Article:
Corrie tenBoom discovered the “sense” of giving thanks in all circumstances.  She discovered the vital link between gratitude and trust.  Through reading “The Hiding Place” and through the practice of keeping my own gratitude journal, I, too, have discovered this link.  Though we may not understand the ways of our circumstances, by thanking God we grow to acknowledge that He is in control - that He can be trusted.   We learn to release our iron-tight grip on our circumstances, and we experience a much-welcome reprieve from worry.

The importance of giving thanks is made clear in Philippians 4:6: “Do not be anxious about anything, but in everything, by prayer and petition, with thanksgiving, present your requests to God.”  Interesting, isn’t it?  That antidote for anxiety is to pray with thanksgiving.  

The text above is from the book “One Simple Act” by Debbie Macomber, pages 9-12, Published by Pocket Books, New York, London, Toronto, Sydney, 2009. 


Wow!  What a great true story!  Blessings that bug us!  What can we do with this?  How about stop reading about someone else’s sweet experience and begin your own journey of thankfulness.   

Thankfulness and unthankfulness form a fork in the road of our journey with God.  One leads upward and the other downward - one to depravity and the other to a fresh revelation of God’s character and personality.  There is much to lose and much to gain through this pivotal attitude.  

Are you thankful for everything?  It’s not always easy to be thankful, especially when you’re not feeling it.  Some people are bent on negativity.  They actually derive a sense of superiority by complaining and looking down on everything around them.  

Let’s start the adventure.  Make a list of your many blessings which God has bestowed upon you.  Make another list of the things for which you do not feel thankful.  Now, prayer through both lists and give thanks knowing that God sees all and knows all.  Thank Him for your physical condition, for struggling relationships and more.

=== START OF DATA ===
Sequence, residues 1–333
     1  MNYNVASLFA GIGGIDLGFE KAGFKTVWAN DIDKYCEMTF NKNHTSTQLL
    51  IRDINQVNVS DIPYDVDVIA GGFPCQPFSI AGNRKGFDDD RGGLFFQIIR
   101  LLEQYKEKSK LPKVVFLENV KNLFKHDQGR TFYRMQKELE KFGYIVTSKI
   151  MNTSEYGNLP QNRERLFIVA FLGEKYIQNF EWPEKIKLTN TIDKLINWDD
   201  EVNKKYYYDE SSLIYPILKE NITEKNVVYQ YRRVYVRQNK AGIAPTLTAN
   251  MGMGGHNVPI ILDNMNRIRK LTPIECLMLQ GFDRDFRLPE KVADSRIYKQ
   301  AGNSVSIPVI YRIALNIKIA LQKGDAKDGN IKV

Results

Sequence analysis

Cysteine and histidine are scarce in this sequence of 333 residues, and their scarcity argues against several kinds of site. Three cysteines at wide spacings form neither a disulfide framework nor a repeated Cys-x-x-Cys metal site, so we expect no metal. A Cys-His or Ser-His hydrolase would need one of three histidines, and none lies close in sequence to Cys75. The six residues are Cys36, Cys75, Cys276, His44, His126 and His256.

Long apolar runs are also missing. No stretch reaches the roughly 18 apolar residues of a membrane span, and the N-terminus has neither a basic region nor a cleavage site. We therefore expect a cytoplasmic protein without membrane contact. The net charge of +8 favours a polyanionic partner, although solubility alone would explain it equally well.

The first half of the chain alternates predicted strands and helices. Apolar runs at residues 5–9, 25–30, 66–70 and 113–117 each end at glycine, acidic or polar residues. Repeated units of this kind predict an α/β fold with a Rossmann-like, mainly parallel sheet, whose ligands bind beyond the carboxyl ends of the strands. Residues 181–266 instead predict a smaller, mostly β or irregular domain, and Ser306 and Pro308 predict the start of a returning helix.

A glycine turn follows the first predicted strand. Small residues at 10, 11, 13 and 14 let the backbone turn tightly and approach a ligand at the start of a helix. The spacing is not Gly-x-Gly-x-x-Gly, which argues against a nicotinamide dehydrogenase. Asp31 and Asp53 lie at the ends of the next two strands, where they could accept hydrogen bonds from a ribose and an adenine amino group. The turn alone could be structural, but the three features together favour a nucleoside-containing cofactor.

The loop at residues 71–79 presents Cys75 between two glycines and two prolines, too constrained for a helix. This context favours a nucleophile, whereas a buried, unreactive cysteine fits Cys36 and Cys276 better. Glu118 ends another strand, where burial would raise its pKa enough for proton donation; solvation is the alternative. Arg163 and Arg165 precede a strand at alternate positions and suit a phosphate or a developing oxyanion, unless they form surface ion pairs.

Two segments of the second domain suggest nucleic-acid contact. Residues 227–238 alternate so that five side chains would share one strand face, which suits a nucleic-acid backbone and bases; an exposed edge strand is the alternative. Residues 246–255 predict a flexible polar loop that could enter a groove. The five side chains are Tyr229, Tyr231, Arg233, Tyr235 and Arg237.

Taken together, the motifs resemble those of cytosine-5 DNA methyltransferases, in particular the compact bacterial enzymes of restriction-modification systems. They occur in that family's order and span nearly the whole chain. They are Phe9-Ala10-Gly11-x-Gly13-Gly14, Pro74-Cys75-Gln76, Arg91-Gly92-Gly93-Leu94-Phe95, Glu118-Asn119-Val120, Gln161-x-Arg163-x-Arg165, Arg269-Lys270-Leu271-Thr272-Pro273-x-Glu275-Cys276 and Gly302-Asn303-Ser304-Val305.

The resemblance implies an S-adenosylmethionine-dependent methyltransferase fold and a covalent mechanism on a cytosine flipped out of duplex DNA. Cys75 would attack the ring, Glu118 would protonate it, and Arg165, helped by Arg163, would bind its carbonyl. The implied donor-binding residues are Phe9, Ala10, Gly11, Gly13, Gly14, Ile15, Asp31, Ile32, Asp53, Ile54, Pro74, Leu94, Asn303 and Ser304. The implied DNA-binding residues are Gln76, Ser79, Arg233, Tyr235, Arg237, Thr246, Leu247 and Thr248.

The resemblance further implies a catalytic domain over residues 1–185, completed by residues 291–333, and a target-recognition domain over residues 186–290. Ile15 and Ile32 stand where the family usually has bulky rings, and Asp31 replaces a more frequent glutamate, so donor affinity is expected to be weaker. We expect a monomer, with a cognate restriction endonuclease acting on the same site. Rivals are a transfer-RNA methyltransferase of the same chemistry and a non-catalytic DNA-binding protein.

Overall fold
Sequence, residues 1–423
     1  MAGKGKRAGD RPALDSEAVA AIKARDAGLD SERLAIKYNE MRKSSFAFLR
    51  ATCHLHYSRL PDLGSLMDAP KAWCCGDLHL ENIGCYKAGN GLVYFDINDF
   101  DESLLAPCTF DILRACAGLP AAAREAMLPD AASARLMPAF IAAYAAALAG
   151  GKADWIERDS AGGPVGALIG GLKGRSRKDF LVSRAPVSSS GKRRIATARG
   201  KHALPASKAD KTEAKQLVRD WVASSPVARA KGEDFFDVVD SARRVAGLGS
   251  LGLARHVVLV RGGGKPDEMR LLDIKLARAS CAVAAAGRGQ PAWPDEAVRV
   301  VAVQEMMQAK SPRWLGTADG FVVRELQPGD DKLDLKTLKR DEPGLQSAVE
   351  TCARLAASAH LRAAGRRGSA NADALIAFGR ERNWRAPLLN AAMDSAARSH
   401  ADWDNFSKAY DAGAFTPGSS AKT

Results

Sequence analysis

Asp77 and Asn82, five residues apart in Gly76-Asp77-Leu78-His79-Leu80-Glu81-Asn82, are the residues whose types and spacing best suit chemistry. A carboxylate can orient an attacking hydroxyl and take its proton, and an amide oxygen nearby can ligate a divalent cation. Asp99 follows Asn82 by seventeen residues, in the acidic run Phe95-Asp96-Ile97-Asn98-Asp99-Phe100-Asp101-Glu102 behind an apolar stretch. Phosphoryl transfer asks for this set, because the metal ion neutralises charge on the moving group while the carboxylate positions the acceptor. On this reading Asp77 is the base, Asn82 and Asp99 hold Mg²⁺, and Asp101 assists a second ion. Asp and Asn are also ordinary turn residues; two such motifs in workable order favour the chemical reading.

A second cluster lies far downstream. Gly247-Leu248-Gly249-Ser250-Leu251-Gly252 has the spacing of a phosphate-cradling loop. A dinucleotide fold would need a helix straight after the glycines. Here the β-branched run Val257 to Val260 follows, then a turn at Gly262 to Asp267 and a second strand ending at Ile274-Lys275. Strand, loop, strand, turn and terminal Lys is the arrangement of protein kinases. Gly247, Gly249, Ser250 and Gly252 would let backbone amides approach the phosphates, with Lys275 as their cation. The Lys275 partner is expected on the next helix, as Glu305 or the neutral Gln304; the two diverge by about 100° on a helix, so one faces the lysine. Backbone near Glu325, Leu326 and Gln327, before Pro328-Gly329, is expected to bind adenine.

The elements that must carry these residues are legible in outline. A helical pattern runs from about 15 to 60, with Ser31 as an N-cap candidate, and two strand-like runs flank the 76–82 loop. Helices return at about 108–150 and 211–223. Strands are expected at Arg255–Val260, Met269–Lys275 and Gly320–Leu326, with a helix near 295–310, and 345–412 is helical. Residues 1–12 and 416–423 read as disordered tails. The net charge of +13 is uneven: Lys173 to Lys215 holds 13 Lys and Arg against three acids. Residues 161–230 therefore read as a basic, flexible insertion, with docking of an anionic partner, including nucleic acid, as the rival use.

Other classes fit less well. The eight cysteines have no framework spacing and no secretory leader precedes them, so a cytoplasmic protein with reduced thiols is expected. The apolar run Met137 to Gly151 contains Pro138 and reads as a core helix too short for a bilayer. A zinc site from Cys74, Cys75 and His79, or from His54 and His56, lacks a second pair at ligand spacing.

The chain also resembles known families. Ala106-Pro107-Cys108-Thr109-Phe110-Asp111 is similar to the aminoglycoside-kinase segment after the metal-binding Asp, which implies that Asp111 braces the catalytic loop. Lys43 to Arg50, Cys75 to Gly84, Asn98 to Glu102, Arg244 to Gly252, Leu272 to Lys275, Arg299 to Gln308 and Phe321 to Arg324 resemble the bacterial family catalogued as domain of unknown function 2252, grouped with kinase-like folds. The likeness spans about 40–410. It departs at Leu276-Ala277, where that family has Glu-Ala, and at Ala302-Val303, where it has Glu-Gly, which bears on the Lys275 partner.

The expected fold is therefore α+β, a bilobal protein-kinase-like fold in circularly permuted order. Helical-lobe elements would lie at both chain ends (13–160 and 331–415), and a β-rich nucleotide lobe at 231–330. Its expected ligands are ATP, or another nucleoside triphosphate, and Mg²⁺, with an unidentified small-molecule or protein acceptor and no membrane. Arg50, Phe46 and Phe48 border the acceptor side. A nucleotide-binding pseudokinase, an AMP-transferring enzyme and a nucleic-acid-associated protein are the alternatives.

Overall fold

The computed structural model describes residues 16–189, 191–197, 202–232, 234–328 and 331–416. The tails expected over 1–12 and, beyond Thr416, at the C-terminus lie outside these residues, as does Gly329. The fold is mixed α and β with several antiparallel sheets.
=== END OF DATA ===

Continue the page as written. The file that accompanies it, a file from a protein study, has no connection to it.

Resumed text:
This does not have to be a mechanical exercise.  You can pray with a deep inner confidence in the Lord’s love, which always moves Him to do what is best for us.  God sees the end of the situations of our lives, and He sees blessing.  

How attractive are we to the Lord when gratitude comes from our hearts and is expressed with our words! 

Use a computer to create a graphic made up of your words of thanksgiving.  Vary the fonts, sizes, colors and directions of your words.  In the end you will have created a work of art which serves as a reminder of how incredibly important gratitude is to you and the Lord.  

These google images provide visual examples of the concept. Your finest work will replace these and provide others with fresh examples to emulate.

On second thought, you don’t have to use a computer at all.  Perhaps you will have more fun using a variety of markers, pens or pencils to create a freehand and more personal graphic.  Again, the image below is from Google Images and offers a visual clue of what this project can look like.  Your words will center on thankfulness.